A Family Intervention to Reduce Sexual Risk Behavior, Substance Use, and Delinquency Among Newly Homeless Youth
Norweeta G. Milburn, Ph.D., et al.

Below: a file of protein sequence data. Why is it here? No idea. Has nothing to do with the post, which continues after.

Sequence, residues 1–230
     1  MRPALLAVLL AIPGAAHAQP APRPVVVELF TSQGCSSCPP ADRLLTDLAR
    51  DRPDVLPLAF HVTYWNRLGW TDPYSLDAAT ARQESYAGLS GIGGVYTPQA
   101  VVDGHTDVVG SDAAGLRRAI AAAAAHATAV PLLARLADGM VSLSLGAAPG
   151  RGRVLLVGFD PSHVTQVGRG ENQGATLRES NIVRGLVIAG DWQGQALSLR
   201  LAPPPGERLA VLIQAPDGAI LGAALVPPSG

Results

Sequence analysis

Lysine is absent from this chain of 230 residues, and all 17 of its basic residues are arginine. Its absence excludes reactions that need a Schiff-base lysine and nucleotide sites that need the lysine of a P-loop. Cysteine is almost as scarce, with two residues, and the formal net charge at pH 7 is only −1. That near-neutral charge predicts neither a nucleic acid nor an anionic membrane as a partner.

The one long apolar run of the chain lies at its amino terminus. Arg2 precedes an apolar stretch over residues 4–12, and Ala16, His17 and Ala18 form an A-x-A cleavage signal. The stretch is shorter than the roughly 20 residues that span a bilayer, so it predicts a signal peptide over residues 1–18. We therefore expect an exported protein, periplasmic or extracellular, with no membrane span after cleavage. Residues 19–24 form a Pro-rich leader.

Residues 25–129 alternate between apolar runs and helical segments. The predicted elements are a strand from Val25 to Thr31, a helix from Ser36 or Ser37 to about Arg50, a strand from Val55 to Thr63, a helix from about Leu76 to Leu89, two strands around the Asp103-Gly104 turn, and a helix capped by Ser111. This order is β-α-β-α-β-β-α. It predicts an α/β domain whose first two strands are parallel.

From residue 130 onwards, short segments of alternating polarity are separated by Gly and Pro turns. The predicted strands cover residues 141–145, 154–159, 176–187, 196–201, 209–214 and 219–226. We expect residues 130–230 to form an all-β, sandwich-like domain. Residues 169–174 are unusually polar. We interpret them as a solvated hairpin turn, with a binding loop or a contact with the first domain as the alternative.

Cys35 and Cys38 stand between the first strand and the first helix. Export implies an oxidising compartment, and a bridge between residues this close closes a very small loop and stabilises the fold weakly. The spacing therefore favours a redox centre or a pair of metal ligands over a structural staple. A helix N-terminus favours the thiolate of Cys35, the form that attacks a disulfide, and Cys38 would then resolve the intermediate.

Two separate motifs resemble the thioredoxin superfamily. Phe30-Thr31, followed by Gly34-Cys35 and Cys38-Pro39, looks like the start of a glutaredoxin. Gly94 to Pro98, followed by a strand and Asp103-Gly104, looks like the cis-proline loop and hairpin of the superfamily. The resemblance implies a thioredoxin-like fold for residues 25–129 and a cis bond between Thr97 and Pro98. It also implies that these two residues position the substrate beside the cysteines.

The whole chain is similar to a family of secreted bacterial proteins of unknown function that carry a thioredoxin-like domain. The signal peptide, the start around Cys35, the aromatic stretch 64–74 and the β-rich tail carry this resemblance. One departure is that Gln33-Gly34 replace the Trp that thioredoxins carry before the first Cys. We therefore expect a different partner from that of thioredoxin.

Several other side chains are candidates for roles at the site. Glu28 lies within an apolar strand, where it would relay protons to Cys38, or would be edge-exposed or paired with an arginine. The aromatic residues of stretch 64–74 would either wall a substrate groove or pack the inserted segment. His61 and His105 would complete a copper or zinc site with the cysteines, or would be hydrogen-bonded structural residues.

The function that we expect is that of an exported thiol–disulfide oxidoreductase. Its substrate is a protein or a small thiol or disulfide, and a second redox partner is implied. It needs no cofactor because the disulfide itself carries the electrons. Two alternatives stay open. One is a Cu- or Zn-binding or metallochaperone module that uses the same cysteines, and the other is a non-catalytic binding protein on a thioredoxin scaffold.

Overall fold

We evaluate the efficacy of a short family intervention in reducing sexual risk behavior, drug use, and delinquent behaviors among homeless youth using a randomized controlled trial of 151 families with a homeless adolescent aged 12 to 17 years. Between March 2006 and June 2009, adolescents were recruited from diverse sites in Southern California and were assessed at recruitment (baseline), and at 3, 6, and 12 months later. Families were randomly assigned to an intervention condition with five weekly home-based intervention sessions or a control condition (standard care). Main outcome measures reflect self-reported sexual risk behavior, substance use, and delinquent behaviors over the past 90 days. Results indicate that sexual risk behavior (e.g., mean number of partners; p < .001), alcohol use (p = .003), hard drug use (p < .001), and delinquent behaviors (p = .001) decreased significantly more during 12 months in the intervention condition compared with the control condition. Marijuana use, however, significantly increased in the intervention condition compared with the control condition (p < .001). Researchers conclude that an intervention to reengage families of homeless youth has significant benefits in reducing risk over 12 months.